The fact that there is a Charedi political machine which doesn’t represent the full gamut of Charedi religiosity should be no surprise to any Charedi living in Israel (including my son’s Charedi ganenet who wears denim skirts and a too-long sheitl but was shocked that I didn’t vote according to daas Torah – some Charedim just try not to think about it). And just because the Charedi religious leaders give their haskamos to the Charedi political process does not equate the two.

    Whether it’s a kol-koreh or some other publicized statement with the names of this generation’s Charedi Rabbanim, it’s up to each individual to confer with his own Rav regarding how to apply it to his own life and the lives of his children. So long as the discussion is with an air of respect toward all opinions I don’t see the conflict.

  17. L. Oberstein says:

    I have a warm spot in my heart for meshsulachim, being as they are kindred spirits. However, there is a difference between those helping to support a legitimate institution and those who are collecting for themselves because they have no other means of support. The culture of the “Old Yishuv” that one goes to Israel to die and meanwhile learns and davens has morphed into a major culture affecting tens of thousands of men and the women and children who depend on them. Since much of Klal Yisrael is marrying out and assimilating, we need the religious ,but is this the most productive use of our tzedaka dollars, to support a system that has no checks and balances, that condemns those who aren’t masmidim to a life of guilt and shame (like the person who went to Yediot). I wonder if the gedolim all think that this is the way it should be or if they are also intimidated by handlers.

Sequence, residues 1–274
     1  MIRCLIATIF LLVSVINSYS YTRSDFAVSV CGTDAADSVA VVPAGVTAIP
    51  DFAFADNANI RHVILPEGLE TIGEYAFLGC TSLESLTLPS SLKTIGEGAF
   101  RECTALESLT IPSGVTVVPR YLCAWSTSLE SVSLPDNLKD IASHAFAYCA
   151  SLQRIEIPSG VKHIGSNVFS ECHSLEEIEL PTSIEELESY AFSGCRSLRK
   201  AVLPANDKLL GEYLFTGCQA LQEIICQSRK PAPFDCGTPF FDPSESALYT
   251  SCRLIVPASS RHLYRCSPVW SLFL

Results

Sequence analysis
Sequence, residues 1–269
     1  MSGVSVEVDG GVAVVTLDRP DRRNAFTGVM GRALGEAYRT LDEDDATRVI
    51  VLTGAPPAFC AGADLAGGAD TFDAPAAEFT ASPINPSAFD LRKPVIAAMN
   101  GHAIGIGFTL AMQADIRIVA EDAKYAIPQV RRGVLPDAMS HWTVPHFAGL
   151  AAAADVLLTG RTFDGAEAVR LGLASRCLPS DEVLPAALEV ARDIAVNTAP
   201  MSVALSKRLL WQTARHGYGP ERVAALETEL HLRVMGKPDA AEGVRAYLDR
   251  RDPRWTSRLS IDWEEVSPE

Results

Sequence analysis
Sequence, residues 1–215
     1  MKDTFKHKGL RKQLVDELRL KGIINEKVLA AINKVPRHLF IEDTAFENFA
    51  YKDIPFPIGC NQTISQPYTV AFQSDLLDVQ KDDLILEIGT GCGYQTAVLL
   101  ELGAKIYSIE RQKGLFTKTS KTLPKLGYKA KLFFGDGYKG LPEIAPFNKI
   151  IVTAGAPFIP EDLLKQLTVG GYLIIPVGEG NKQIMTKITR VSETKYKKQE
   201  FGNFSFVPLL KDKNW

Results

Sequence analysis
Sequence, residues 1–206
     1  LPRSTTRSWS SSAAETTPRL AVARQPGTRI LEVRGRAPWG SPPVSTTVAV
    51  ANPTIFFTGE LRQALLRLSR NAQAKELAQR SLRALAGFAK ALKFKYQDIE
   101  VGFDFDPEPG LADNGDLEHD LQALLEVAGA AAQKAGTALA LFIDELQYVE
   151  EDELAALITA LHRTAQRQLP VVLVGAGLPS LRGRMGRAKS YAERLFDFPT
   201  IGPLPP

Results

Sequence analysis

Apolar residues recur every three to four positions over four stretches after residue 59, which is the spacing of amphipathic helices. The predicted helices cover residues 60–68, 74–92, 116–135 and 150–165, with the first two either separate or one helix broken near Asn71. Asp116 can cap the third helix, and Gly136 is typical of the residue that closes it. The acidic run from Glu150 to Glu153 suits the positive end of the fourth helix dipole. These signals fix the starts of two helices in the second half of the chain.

Someone at shul told me a variation on the very old book title “Europe on $5 a Day”,
    “Shomrei Emunah on $ 5 a day”. Sometimes there are more than five men , many of them young and healthy looking collecting for themselves. I would rather give $100 to a legitimate institution than 100 one dollar bills to men who have no careeer but traveling the world asking for personal handouts. Rabbi Heinemann has personally told me that he often tries to engage these supposed Kollel students in a learned discussion asking what they are actually learning and more often than not ,they say they are too busy collecting dollar bills that they are no longer holding in any sugya . They are victims and we need to help them out of this cycle.

  18. dr. bill says:

    Dovid 2: Historians trace chareidi origns to the generation AFTER the chatam sofer, 80 years before the Shoah. Note both the ketav sofer and maharam shick were opposed to many of the chareidi initiatives.

    It is only the Israeli government’s unprecedented subsidies for learning that came as a result of the Shoah.